I got a ride into Deming. Of course the only (kind-of) bike shop in town in town was closed til Monday… Crap, where was I gonna get a 29″ tire?!?

There was a walmart in town. It was worth a shot. Lo and behold, they had one 29″ tire! JOY! My bike will be able to roll again!!! πŸ˜€

I got a room at a random little cheap motel. STOKED to finally be able dry off all my soaked gear. Lol!

Holy crap what a day. Funny, when I first started my ride I thought finishing at the Mexican border would be so boring and anticlimactic. I couldn’t be more wrong. Lol!!

As they say, when one journey ends, another begins! Tomorrow I gotta somehow get to Tucson, and then to Sedona. Whoo hoo for Adventure Part II! πŸ™‚

Day 65: Weds 9/17, Leaving Silver City, and Rain… 63 miles

I am an idiot. Lol! Last night at the laundromat I left my backpack (with all my super crucial and important stuff in there) on a chair inside the laundromat. I realized this when I was a mere 2 blocks away. In a panic, I turn around and race back to the laundromat. Door is locked! AAAAAAAHHHH!!!!! >.< On the bright side, I see my backpack sitting there, right where I left it. Whew!! Well, that's a relief. So, theoretically, when I return in the morning just as they open, it should still be there, right? The laundromat opens at 5:30am.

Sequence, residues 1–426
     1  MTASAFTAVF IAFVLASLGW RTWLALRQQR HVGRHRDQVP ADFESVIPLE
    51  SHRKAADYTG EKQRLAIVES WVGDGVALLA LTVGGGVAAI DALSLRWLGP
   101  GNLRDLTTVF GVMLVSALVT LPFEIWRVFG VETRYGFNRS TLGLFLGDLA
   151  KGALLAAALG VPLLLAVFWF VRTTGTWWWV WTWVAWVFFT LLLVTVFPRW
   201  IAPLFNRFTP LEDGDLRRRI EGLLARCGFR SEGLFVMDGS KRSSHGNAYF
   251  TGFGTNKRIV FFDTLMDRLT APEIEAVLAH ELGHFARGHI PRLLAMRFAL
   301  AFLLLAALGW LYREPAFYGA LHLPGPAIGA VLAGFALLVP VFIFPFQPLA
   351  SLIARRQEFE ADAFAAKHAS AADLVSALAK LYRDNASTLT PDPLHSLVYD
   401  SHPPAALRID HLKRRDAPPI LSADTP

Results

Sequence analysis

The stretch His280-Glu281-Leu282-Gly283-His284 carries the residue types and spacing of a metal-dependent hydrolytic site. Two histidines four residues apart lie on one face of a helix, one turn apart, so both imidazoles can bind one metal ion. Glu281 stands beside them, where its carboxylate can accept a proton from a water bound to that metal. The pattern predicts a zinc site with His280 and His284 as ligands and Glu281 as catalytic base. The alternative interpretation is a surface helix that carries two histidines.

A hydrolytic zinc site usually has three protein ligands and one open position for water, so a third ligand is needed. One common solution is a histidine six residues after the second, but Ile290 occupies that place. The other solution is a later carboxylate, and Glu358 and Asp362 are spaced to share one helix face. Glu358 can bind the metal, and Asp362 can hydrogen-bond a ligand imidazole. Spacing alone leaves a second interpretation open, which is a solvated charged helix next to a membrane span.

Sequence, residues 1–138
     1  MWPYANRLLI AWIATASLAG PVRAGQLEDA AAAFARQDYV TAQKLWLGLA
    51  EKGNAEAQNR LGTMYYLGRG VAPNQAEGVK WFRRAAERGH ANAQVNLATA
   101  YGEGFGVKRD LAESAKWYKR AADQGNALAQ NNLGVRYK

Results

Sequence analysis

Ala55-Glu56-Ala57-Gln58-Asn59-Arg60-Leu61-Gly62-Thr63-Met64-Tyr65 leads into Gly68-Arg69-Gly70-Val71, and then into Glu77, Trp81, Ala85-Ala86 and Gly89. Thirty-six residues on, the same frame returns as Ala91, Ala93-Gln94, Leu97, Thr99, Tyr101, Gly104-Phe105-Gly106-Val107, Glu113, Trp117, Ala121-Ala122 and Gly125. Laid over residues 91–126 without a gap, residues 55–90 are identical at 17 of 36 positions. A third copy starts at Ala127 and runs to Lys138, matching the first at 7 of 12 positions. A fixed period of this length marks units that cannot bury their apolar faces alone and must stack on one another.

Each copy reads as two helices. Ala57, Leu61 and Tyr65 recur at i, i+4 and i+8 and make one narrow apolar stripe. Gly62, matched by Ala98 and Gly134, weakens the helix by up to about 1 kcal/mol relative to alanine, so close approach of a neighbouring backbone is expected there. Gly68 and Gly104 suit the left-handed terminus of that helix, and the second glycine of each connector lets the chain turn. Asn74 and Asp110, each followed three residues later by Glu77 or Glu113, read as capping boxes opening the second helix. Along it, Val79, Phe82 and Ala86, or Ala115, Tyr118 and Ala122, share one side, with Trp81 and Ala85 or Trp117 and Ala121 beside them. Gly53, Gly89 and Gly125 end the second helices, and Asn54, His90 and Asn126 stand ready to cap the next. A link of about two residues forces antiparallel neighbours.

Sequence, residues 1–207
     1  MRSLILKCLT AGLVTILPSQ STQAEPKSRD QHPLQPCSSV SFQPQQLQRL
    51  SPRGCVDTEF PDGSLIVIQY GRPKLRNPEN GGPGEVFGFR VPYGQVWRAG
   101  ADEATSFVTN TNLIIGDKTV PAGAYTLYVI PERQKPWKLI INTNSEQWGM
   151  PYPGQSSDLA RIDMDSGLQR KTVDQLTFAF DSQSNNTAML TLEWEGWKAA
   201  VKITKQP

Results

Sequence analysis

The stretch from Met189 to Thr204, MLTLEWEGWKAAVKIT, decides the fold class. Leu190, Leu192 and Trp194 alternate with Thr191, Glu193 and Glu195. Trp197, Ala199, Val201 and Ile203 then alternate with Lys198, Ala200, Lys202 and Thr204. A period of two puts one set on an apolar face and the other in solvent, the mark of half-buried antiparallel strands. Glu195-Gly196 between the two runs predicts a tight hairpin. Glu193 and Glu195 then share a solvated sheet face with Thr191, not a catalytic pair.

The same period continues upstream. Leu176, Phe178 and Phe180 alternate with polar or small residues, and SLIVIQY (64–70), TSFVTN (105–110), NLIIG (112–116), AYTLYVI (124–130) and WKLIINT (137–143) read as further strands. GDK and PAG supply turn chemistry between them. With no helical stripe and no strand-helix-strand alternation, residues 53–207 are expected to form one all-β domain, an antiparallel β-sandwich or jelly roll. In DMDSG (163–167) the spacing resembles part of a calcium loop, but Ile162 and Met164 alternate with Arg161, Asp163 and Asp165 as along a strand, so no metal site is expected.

Let’s hope so.

I didn’t sleep much that night. I didn’t go to bed til pretty late. And I woke up almost every hour, to check what time it was. After what seemed like an eternity it was finally time to go get my backpack. I got there at 5:31am, and the door was already unlocked. My backpack was there! JOY!!!! πŸ˜€

So now the question is, what the heck am I going to do til 9am (which is when the bike shop opens)?? At this point it was still dark.

I ended up riding to Walmart to do my resupply, since it was one of the few places that were open. I’m generally one of those anti-walmart people. But unfortunately there was no other efficient way to spend my time and I sure as heck was not going to go back to sleep. So I went grocery shopping at 5:30am. Lol. Of course I got rained on.